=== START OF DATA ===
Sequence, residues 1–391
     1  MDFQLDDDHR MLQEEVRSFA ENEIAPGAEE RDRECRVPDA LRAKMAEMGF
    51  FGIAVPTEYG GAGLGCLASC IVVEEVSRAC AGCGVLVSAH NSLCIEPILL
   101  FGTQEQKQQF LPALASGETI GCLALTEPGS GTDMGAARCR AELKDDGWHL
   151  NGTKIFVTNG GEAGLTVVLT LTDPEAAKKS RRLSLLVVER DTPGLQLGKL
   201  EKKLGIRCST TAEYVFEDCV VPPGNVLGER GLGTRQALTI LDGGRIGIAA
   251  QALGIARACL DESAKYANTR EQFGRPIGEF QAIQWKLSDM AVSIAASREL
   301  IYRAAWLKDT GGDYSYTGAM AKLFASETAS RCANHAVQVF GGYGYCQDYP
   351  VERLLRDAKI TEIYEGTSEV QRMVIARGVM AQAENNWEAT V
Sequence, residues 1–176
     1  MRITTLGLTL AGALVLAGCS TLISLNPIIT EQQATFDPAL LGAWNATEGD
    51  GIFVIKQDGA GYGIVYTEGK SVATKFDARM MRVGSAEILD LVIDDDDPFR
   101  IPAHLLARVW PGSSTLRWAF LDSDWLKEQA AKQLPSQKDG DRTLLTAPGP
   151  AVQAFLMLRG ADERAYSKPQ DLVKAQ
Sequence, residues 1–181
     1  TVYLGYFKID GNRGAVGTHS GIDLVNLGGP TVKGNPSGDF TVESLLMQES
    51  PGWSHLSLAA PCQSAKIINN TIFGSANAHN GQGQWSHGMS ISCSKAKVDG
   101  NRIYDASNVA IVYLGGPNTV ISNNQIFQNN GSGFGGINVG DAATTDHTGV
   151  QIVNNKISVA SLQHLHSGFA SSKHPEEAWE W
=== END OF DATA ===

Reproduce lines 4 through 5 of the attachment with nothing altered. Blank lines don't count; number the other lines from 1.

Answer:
   101  FGTQEQKQQF LPALASGETI GCLALTEPGS GTDMGAARCR AELKDDGWHL
   151  NGTKIFVTNG GEAGLTVVLT LTDPEAAKKS RRLSLLVVER DTPGLQLGKL